I think it’s hard for any independent band to get themselves out there, like financially, it’s always a struggle, you’re scratching every post trying to find a way of making ends meet, and yeah, a lot was going on during that period, the album, in a way, represented a giant leap of faith, we had to believe in that and know how it all worked.

The record had to translate to as many people as possible, because it’s something that we’re giving our lives to, and it had to make sense, which thankfully, it did.

We were relieved when we got all the positive feedback, it was nice for people to feel the same way towards it as we did. It was the coolest feeling, one of the best we’ve ever had.

We did a first ‘Nova’ tour, the one we’re currently on is our second, and the first in the UK since just after the album came out, and it’s just amazing to see all of our fans singing along to all of our songs, because at the end of the day, that’s what you do it for.

The year before, you had supported Slash and Myles Kennedy in the US, and Deep Purple in France. How were they as experiences for you all?

AARON: It was amazing. Touring with those bands was just unbelievable. We did two European runs and the US run with Slash, and we did a couple of dates with Deep Purple, but it was like we learned a whole different level of professionalism, I guess.

They all just work on a different level, like, the crew were incredible, we made friends with all of those guys, who we still often talk to often now. The band were incredible every single night, and they really looked after us.

The drummer and guitarist were Canadian, so they’d done the hard graft, driving the van, doing all of the tour managing. They knew what we were doing as they’d been through all of that before, so after gigs, they would pull us aside and go, “Hey guys, come to our room and just rip the rider apart, because you are going to need it. You’ve got a 20-hour drive tomorrow, so grab all of that stuff.”

It was amazing to be looked after so beautifully by the band, Slash himself, I mean, he picked us for the tour just off hearing our debut EP, you know.

By the end of the tour, there was just such a beautiful vibe going on. It’s something we will never forget.

Have you got any interesting tour stories to tell?

AARON: There’s hundreds of stories, but I mean there was one where we were in Romania…

OLI: Oh yeah, that was on the European tour with Slash.

AARON: Yeah, so we drove from a gig in Southampton, and the next one after that was in Romania, it was the start of the tour with Slash, so we had to drive straight through. We drove in two-hour shifts for 40 hours, only stopping for a piss, to fuel…

OLI: And to fix the exhaust, because it fell off the van, so one of us had to go underneath and tie it back to the van with some twine, so it would stay together. The van actually passed an MOT like that! (All laugh)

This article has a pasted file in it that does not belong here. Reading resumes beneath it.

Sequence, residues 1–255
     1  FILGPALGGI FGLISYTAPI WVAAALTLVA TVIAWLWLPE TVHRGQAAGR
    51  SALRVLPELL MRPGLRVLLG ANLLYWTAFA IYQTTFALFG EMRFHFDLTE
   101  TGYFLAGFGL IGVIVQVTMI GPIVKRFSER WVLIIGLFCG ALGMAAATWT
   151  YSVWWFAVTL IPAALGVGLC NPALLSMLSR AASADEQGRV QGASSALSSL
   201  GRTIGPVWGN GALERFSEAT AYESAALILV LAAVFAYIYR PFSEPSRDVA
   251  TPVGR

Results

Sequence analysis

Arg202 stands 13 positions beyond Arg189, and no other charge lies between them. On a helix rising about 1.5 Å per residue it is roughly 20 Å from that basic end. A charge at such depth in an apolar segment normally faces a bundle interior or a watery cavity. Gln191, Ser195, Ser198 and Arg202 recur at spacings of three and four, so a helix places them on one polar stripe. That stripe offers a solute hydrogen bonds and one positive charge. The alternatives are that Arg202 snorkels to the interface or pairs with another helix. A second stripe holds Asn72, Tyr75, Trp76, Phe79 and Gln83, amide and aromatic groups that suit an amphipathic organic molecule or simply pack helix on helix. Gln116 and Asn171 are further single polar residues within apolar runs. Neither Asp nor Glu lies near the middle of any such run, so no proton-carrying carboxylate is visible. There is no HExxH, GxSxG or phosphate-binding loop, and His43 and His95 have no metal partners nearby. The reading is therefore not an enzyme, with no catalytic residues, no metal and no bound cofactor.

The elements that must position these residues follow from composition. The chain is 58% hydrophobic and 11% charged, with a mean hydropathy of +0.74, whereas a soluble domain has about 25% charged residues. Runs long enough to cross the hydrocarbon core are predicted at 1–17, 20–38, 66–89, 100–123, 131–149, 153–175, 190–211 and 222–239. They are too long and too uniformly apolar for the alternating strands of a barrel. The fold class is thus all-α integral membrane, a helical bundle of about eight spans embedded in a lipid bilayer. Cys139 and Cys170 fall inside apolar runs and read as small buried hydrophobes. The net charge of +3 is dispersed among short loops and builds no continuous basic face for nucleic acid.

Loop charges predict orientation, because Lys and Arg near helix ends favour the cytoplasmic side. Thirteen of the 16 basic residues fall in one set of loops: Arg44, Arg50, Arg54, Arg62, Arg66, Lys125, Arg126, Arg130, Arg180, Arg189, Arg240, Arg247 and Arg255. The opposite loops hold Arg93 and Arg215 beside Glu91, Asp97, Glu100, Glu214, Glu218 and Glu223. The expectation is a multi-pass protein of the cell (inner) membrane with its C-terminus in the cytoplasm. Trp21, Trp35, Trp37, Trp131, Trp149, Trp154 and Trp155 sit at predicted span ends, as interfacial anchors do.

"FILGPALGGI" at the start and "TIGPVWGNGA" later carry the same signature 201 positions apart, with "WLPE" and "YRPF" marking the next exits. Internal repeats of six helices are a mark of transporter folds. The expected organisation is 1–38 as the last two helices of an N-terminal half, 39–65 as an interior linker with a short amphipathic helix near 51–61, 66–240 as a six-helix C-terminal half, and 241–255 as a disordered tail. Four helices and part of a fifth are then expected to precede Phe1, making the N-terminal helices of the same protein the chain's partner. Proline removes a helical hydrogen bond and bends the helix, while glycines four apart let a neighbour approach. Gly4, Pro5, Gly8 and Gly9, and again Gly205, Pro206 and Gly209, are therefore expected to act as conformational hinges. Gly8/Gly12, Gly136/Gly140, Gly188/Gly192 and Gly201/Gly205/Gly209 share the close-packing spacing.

AARON: So yeah, that was pretty epic, and then from going from that gig to the one after that, we almost got stuck on this amazing mountain with no fuel, because we hadn’t fuelled up.

OLI: We took a wrong turn somewhere, and ended up at this ski range.

AARON: I mean that whole tour was a great experience.

The band are currently on tour in the UK and Ireland, before moving on to continental Europe in mid-February. After the tour has been completed, what are your plans?

AARON: We’re going back into the studio.

OLI: Yep, we’re going to be recording a new album. We’ve already got so many songs ready to go, and the next thing for us is to put the full album together. It’s the same kind of thing, the main difference this time is that Adam’s with us, so all three of us will be recording the album.

It’s going to sound a little different, a little more like a band in a way. We’re also going to making a lot more effort, as our focus with it will be to improve on ‘Nova’.

I think that’s it. Anything else anybody would like to say at all?

AARON: Yeah. We now have our very own app, if you can believe it, so you can download it from our website. On it, you will be able to get videos from us and other stuff, so please do check it out, and spread the love!

RavenEye Album Cover

‘NOVA’, THE DEBUT ALBUM FROM RAVENEYE, IS AVAILABLE, THROUGH FRONTIERS MUSIC, TO STREAM, DOWNLOAD OR PURCHASE FROM SPOTIFY, iTunes, AMAZON MUSIC & THE BAND’S OFFICIAL WEBSITE www.raveneyeofficial.com

RAVENEYE ARE CURRENTLY ON A UK & EUROPEAN TOUR. BELOW ARE A FULL LIST OF DATES:

RavenEye tour poster

ALSO, DON’T FORGET TO CHECK OUT THE BAND’S SOCIAL MEDIA PAGES:

FACEBOOK: www.facebook.com/ItsRavenEye

TWITTER: twitter.com/ItsRavenEye

INSTAGRAM: www.instagram.com/ItsRavenEye

YOUTUBE: www.youtube.com/user/ItsRavenEye

YOU CAN NOW DOWNLOAD RAVENEYE’S OFFICIAL APP AT raveneye.fan.direct

 

 

 

 

 

SKAM

Skam band photo

SKAM (from l-r): Neal Hill (drums/backing vocals), Steve Hill (lead vocals/guitar), Matt Gilmore (bass/backing vocals)

INTERVIEW by ZAK SLOMAN

From Leicester, three-piece SKAM have become known for a bold and direct style of hard rock that is a contemporary take on classic rock and the new wave of British heavy metal.

Over the last couple of years, the band have steadily built up a strong following with this, as well as their frequent touring across the UK.

They have been championed by the likes of Planet Rock, which made third studio album, ‘The Amazing Memoirs Of Geoffrey Goddard’, one of their top twenty of 2017.